InvestigateWest reported in December that after the State Patrol in 2008 quietly discontinued studies in which university researchers warned that there were indications of possible bias in searches of motorists, the disparity in search rates continued. Two years later, the Patrol stopped reporting legally required information about the race of motorists pulled over by troopers, with a Patrol official arguing internally to colleagues that it was unlikely anyone would notice.
As it turns out, when state troopers do search white motorists, they are actually more likely to find drugs or other contraband, according to data from the State Patrol reviewed by InvestigateWest and the Stanford University Open Policing Project.
The money for the bias study, requested by Rep. Gina Mosbrucker, a Goldendale Republican, funds a collaboration between state police and Washington State University to analyze traffic stop data the Patrol keeps. That money will also be spent to survey Washington residents’ perceptions of the State Patrol. The funding was included in the supplemental state budget passed by the Legislature on Thursday; it awaits Gov. Jay Inslee’s approval.
The agency must submit a report to the Legislature at the end of the year.
“I'm really anxious to find out what the outcome is and begin fixing whatever we can,” Mosbrucker said in a telephone interview. “I'll address it with legislation if needed in the next legislative session.”
Mosbrucker requested the funds after InvestigateWest’s analysis found that from 2009 to 2015, the most recent data available from Stanford’s Open Policing Project, troopers searched Blacks, Latinos, Native Americans and Pacific Islanders at a higher rate than whites. Yet troopers were more likely to find contraband when they searched white drivers. Stanford’s own study last year of police departments nationwide found “evidence that the bar for searching Black and Hispanic drivers is lower than for searching whites.”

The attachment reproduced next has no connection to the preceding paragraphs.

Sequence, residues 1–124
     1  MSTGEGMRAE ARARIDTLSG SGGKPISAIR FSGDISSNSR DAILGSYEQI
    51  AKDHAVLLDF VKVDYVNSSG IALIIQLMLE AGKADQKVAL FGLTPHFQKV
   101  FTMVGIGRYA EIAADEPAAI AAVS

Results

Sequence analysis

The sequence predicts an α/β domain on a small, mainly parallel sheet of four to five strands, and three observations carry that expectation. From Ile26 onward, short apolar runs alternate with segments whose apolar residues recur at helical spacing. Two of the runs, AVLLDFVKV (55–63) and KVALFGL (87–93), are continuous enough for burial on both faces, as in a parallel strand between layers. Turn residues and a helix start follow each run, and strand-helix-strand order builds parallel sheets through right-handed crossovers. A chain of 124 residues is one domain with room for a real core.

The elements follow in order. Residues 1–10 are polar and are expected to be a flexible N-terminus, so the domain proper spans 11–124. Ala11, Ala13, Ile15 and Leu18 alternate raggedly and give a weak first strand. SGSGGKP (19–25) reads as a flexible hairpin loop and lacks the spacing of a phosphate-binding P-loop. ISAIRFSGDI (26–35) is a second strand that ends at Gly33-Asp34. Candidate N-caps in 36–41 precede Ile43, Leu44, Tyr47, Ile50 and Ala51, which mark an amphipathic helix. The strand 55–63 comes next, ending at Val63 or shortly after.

The funding for the bias study will allow the patrol to focus “on real-world strategies in our training and operations that can address the disproportionalities in search statistics," Chris Loftis, a State Patrol spokesman, wrote in an email.
"We feel that the combination of enhanced training, improved operational tactics, and a wider and deeper candidate pool will help us continue to improve our services overall and specifically help us to understand and root out any impacts of bias in all of our operations," Loftis wrote.
In Washington, Native Americans were more likely to be searched than any other group — they were searched at five times the rate of whites — something WSU researchers had raised concerns about more than a decade ago. In 2003, 2005 and 2007, the researchers flagged the disproportionate search rates, but cautioned they couldn’t attribute them to “intentional or purposeful discrimination,” and called for more studies.
However, documents InvestigateWest obtained through the Public Records Act found that not only did the Patrol abandon the WSU studies after 2007, but also failed to follow a 2000 state law requiring the agency to “semiannually” report data on the racial breakdown of motorists that troopers searched. The State Patrol submitted the reports only in 2001, 2008 and 2009. Years later, a 2016 change to state law described by its sponsors as a paperwork reduction measure eliminated the reporting requirement.
The transportation bill passed Thursday includes $150,000 requested by Rep. Javier Valdez, a Seattle Democrat, to hire a consultant to develop a plan for increasing the diversity of the Patrol’s troopers. More than 85% of the Patrol’s officers are white, and nearly 90% are male. Tribal leaders in Washington state have called on police agencies across the state to increase their diversity.